Neurotrophins and Tropomyosin Receptor Kinase B Receptor
Neurotrophins are a group of polypeptides with great influence on neuronal differentiation, survival, axon growth, and synaptogenesis in the central nervous system (CNS) and peripheral nervous system (PNS) ( ). The neurotrophin family members include nerve growth factor (NGF), BDNF, neurotrophin-3 (NT-3), and neurotrophin-4 (NT-4). In the CNS, both neuronal and nonneuronal cells synthesize neurotrophins in a precursor form, or proneurotrophin form. The immature proteins are then either secreted or cleaved by plasmin or extracellular proteases into the mature form ( ).
The diverse effects that occur at the presence of neurotrophins are a result of the ligand-receptor binding and the specific signal cascades that follow. This includes two transmembrane-receptor signaling systems that consist of the p75 neurotrophin receptor (p75 NTR ) and the tyrosine kinase receptors: TrkA, TrkB, and TrkC. The p75 NTR belongs to the tumor necrosis factor (TNF) receptor super family while the tyrosine kinase receptors belong to the tropomyosin receptor kinase (Trk) family ( ). The Trk family of receptors is instrumental in carrying out the cellular effects of neurotrophins. Among Trk family receptors, TrkB acts as a receptor for BDNF and NT-4 ligands. NT-3 binds to TrkC and can also bind TrkB with a reduced affinity. NGF has a higher affinity for TrkA ( ). It is through high-affinity binding for TrkB that neurotrophin is able to provide neuronal survival, neuronal plasticity, and neurogenesis ( ), whereas binding with the p75 NTR receptor is more associated with apoptosis. Both TrkB and p75 NTR receptors can be found in the same cell, coordinating and modulating neuronal responses. Furthermore, the signals generated by each receptor can augment each other or go against each other, fluctuating between an enhancing and suppressing relationship ( ).
TrkB Signaling Pathways and Its Function
TrkB is a single pass type 1 membrane protein expressed in both the CNS and PNS. In the CNS, TrkB is expressed at high levels in the cerebral cortex, hippocampus, thalamus, choroid plexus, cerebellum granular layer, brain stem, retina, and the spinal cord ( ). In the PNS, TrkB is found in the cranial ganglia, vestibular system, submaxillary glands, and the dorsal root ganglia ( ).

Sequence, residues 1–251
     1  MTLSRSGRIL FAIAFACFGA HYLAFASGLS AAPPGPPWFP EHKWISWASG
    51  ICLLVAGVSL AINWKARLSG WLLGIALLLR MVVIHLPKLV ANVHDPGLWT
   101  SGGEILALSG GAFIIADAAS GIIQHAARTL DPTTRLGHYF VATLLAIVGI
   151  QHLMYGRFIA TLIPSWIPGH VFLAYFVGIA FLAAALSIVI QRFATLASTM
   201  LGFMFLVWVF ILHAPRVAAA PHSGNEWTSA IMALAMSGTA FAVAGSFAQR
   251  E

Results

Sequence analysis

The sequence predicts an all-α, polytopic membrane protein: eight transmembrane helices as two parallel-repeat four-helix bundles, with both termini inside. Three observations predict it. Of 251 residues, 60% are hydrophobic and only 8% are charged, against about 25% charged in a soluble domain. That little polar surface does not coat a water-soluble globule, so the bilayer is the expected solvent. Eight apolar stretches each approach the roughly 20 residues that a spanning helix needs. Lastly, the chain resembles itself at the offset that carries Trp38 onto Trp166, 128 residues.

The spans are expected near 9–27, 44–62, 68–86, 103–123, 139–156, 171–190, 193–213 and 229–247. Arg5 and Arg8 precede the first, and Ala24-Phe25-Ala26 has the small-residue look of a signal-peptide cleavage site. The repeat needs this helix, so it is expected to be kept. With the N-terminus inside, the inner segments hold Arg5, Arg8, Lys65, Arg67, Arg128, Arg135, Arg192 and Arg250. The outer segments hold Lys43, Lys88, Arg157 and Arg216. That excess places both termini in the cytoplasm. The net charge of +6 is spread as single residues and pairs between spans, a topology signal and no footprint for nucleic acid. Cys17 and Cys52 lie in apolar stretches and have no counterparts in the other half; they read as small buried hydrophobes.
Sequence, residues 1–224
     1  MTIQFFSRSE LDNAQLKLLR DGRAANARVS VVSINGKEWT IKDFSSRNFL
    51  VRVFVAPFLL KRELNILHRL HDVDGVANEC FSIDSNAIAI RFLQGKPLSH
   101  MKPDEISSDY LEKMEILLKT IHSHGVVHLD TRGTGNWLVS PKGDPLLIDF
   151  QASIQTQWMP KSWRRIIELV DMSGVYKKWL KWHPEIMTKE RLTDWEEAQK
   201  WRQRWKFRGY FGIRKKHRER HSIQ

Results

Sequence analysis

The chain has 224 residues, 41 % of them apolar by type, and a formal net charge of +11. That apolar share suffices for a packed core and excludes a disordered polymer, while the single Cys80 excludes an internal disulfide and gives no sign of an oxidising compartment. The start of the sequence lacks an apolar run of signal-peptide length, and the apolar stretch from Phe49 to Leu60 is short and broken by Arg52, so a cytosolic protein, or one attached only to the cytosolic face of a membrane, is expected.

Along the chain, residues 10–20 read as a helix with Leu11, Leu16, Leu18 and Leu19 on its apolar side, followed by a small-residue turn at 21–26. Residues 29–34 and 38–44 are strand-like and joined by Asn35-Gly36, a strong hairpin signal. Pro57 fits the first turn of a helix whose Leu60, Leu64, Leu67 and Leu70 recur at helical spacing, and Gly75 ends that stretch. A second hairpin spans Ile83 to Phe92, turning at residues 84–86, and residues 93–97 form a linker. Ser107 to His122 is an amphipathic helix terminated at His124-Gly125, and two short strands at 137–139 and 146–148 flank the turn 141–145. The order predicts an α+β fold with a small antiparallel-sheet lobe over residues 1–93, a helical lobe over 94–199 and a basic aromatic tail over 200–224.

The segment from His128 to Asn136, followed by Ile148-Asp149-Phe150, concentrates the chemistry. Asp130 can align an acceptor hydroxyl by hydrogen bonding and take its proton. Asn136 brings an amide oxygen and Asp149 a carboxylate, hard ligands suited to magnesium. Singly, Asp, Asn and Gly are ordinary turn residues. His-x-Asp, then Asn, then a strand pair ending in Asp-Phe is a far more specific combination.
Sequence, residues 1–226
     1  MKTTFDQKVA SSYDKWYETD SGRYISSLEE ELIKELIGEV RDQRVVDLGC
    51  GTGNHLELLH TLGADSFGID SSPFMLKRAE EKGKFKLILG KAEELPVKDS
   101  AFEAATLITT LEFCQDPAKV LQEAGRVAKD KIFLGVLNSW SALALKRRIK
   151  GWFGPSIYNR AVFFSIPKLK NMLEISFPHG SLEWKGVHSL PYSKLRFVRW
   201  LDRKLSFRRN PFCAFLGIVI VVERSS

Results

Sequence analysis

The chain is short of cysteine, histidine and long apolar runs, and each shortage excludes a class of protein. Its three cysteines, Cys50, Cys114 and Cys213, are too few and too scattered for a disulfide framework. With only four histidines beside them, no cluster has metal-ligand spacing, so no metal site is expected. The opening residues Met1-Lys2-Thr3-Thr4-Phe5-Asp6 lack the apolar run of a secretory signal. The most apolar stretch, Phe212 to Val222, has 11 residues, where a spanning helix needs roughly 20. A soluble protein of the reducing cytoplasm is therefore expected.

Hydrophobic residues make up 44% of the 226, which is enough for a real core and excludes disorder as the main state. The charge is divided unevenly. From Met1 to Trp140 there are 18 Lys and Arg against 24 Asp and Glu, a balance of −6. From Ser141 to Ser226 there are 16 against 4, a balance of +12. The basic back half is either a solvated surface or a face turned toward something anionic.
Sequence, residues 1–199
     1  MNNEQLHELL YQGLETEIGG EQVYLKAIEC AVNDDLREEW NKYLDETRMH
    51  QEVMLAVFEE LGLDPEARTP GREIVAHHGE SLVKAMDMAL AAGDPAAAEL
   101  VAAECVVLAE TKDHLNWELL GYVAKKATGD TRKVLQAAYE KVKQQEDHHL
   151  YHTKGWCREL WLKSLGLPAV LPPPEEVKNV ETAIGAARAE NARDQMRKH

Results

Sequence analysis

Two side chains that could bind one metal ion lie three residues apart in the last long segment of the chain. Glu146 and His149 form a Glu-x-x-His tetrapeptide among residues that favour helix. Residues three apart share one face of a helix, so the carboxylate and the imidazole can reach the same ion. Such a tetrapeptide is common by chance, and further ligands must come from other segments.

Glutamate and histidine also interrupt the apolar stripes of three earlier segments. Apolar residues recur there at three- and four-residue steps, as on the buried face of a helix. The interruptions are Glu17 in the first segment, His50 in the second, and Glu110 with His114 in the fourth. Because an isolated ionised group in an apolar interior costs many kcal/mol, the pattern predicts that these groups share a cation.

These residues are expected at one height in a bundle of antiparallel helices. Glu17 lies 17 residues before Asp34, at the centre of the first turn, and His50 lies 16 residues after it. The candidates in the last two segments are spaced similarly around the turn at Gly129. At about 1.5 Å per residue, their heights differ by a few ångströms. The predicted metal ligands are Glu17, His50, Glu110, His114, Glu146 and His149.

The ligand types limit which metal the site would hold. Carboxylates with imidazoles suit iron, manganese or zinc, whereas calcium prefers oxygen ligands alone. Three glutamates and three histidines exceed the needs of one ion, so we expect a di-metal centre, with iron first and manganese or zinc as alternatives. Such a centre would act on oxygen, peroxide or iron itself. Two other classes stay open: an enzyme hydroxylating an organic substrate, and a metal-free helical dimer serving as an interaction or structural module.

Binding of neurotrophins and TrkB induces activation of signaling pathways that include mitogen-activated protein kinase (MAPK)/Ras pathway, phosphatidylinositol 3-kinase (PI3k)/serine threonine kinase (Akt) pathway, and/or phospholipase Cγ (PLCγ) pathway. These signal cascades play important roles in plasticity and survival of neurons as well as neurogenesis ( ).
The MAPK pathway stimulates antiapoptotic proteins, such as B-cell lymphoma-2 (Bcl-2) and cAMP-response-element binding protein (CREB). In particular, CREB is required by neurotrophins for mediating neuronal survival and memory function ( ). MAPK can also activate extracellular signal-related kinase (ERK) ( ). MAPK pathway leads to further phosphorylation of synapsin I, a protein involved in synaptic vesicle clustering and release ( ). Interfering with the MAPK pathway has shown to decrease BDNF-induced synapsin I phosphorylation; thus inhibiting the release of neurotransmitters ( ). Ras, a small guanosine 5′ triphosphate-binding protein, is often responsible for neurotrophin-dependent survival, but it does not have a direct effect on survival. Ras turns neurotrophin-initiated signals into other multiple signaling pathways, including PI3k/Akt and MEK/MAPK ( ). Overall, MAPK activation leads to neuronal survival and differentiation ( ).
TrkB activates PI3k/Akt pathway promoting neuronal survival through regulating proteins that influence cell survival and transcription factors that influence apoptosis ( ). TrkB activation also regulates synaptic plasticity by promoting the PLCγ-mediated pathways through downstream protein kinase C signaling and calcium/calmodulin kinase pathway ( ).